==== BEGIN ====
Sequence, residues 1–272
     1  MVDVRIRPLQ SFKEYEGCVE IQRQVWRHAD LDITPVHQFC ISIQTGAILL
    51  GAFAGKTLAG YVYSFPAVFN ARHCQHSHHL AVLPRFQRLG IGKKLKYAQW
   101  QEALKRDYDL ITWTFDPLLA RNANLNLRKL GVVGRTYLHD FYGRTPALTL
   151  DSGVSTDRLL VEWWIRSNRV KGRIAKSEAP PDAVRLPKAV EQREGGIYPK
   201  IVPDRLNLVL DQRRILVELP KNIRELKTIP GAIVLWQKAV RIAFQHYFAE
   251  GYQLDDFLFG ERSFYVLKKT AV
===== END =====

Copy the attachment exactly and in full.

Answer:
Sequence, residues 1–272
     1  MVDVRIRPLQ SFKEYEGCVE IQRQVWRHAD LDITPVHQFC ISIQTGAILL
    51  GAFAGKTLAG YVYSFPAVFN ARHCQHSHHL AVLPRFQRLG IGKKLKYAQW
   101  QEALKRDYDL ITWTFDPLLA RNANLNLRKL GVVGRTYLHD FYGRTPALTL
   151  DSGVSTDRLL VEWWIRSNRV KGRIAKSEAP PDAVRLPKAV EQREGGIYPK
   201  IVPDRLNLVL DQRRILVELP KNIRELKTIP GAIVLWQKAV RIAFQHYFAE
   251  GYQLDDFLFG ERSFYVLKKT AV